The Camera Exchange

I am curious. Of those of you who have bought cameras. Who here has bought a camera and then upgraded? If you have or are planning to what camera are you going to and why?

Hi OJ,

I purchased a B-Cam SD, took the Building Sciences class and immediately called Flir to return it and upgrade. I new I wanted better resolution and such and went with the ThermaCam B400 w/high temperature upgrade.

I have not been disappointed

And because I sat next to Larry in class, and I couldn’t get away with swiping his new camera, I upgraded to the same res. diff. camera.

I started out with the B-cam as level 1 and purchased the BX-340 before I took my level 11 training and If I decide to go level 111 I will upgrade again to the P series.


I’m just curious…Why would you need a higher temperature (248 degrees F) than you previously had (212 degrees F)?

All house temperatures (including Electrical) will not exceed the 212 degrees F. anyways. Even if the Electrical maxed out your camera temperature settings, you’d obviously have an issue. The only component that would get hotter than that would be the boiler/furnace.

Most people who go with the higher temperature cameras are working around high tension wiring or mechanical equipment.

Someone, talk me into upgrading my B-2 and why?

I received the camera and upgrade as a package special and decided to go for it.

I may do more with the local utility companies and others where it will be needed.

BTW, my imager is capable of 350 C with the high temp option.

High temp options is needed for predictive maintenance use mostly.
The equipment it is used on may normally run above the 212 degree F limits of the camera.

The camera detector is not capable of wide spans without going into saturation, so there are levels bracketed for specific use (Ranges of temp).

If you are not doing quantitative scans, and need to do a high temp application, you can make a filter from a plastic lid (like the old coffee can lids) that will keep your camera from going into saturation by filtration of the emitted energy.

The letter “B” in your camera model indicates that your camera is set up for the temp range most likely found in Building applications.

I echo some of the same reasons for upgrading to a B360 from the entry level BCAM-SD.


I mentioned 248 degrees F., because that is the lens that that particular camera comes equipped with. I see you went with the upgraded version.

I haven’t found a reason to upgrade my camera as of yet. I’m loving my IR camera (and it’s findings) more every day as I utilize it.

I dug down deep and started with an EX320. Haven’t felt any compulsion to upgrade. Though I do wish I had a wide angle lens too.

To this day the EX320 is tough to beat for its price. It lacks some features (bells and whistles) that some of the newer cameras have. Its 320x240 and a thermal sensitivity of .08C is tough to beat for the cost. Not to mention you can use it for higher temp applications if they arise.

I had a customer ask, the other day, to upgrade his EX320. I told him to stick with it unless he wanted something like this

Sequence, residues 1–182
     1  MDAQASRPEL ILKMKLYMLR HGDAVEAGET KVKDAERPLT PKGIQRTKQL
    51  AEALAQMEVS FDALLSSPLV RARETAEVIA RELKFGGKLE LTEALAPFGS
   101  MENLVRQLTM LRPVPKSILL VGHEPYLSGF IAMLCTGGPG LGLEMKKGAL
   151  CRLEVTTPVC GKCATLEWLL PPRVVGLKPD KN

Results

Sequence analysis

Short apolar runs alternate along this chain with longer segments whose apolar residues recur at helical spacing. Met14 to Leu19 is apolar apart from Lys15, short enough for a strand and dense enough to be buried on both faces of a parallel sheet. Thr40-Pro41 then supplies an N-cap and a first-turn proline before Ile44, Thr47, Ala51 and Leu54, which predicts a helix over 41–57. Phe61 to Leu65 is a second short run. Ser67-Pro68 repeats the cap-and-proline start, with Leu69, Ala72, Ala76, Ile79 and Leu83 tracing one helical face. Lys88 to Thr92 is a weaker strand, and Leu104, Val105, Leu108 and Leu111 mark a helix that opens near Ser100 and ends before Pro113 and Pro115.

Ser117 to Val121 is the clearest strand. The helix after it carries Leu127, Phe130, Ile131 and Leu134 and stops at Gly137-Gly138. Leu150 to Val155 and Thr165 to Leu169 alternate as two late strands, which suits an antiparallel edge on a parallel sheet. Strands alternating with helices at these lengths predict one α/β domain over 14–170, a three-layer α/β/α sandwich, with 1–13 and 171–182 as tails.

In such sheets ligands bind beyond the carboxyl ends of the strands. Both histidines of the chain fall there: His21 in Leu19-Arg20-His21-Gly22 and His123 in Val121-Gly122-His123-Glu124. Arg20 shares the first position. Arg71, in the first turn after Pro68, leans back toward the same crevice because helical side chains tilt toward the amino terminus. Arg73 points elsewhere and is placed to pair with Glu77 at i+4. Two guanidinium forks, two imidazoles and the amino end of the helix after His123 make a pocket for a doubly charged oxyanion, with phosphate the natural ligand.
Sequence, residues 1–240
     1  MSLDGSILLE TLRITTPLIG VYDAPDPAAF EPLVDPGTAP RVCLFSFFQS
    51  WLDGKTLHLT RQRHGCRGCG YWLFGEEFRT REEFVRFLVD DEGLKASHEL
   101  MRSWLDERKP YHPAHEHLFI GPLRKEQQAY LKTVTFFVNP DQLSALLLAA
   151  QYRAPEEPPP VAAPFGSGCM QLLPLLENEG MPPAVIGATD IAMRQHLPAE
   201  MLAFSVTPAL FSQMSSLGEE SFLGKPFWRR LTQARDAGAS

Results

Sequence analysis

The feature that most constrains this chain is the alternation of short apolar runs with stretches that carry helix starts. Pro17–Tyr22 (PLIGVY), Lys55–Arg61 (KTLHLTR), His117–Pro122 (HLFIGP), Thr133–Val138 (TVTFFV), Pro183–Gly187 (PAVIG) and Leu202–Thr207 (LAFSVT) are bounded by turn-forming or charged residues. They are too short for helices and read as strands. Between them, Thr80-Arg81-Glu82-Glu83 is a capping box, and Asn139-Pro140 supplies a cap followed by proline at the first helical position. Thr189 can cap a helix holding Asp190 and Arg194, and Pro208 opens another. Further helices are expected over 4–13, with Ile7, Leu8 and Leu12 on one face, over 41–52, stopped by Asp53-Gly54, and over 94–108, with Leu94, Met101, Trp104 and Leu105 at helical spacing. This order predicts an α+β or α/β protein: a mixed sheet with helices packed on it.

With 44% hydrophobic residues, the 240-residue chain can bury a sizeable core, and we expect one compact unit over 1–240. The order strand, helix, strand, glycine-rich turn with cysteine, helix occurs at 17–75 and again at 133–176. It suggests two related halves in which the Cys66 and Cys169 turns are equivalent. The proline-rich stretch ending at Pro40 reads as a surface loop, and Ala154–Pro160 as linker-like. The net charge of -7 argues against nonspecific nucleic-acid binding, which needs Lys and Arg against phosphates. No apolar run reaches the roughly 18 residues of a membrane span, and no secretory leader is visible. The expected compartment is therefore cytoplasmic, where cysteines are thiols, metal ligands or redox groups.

For anyone that has a 320x240 camera that is doing the job now for them I would wait until the 640x480’s come down in price. Plus .05C (50mk) sensitivity is already on a few units for under 20k, the Fluke TiR4 is 15.5k right now, and those will be coming down as well.

Personally I would keep my 320x240 and spend the money on advertising / potential customer education on IR.

Jason Kaylor – JJ
VP of Sales
AC Tool Supply](
Fluke Thermal Imagers](
FLIR Thermal Imagers
Fluke TiR1 Resources
FLIR B60 Resources](
Retrotec Duct & Blower Door](

It’s good to see more and better options coming on the market for quality imagers. Increased competition should help a lot with driving pricing down.

When they get $75 for a plastic replacement lens cap and $55 for a wrist strap, you know that they are working with some pretty generous margins:roll:.

Of course the downside is that having IR will be less of a differentiator for those who already have and market them.

Even though the B200, B250, and even the B360 may not have the sensitivity specification of the FLUKE camera but in ergonomics, ease of use, weight, durability, size, and options these camera again beat the FLUKE hands down. The FLUKE cameras can only use a specific brand of cards, the batteries don’t last what the specification sheet says because in the manual it gives a warning that you can only get the specified battery life with 50% screen brightness. Plus just in the file size itself you can use up a lot of memory space. Again I would warn against anyone buying a FLUKE camera to save just a few hundred dollars. You will gain back that money in time saved onsite and afterwards reporting with a FLIR camera.

OJ Utter
Level 3 itc Thermographer

OJ -

Thanks for telling us our Flukes ONLY take a certain brand of memory cards. I didn’t know that. Since I have 3 different cards FOR my Fluke - AND use them all - How will I know which KINDS don’t work.

Not sure what camera you have but I was referring to to page 2-13 of the Flexcam manual where it says.
The card must be inserted into the camera to save and store images.
Use only SanDisk-brand CompactFlash memory cards with a 2003 or
newer copyright date. Do not use other memory card brands.

This may not be applicable to the newer cameras like the TiR1 which uses the SD card.

OJ Utter
Level 3 itc Thermographer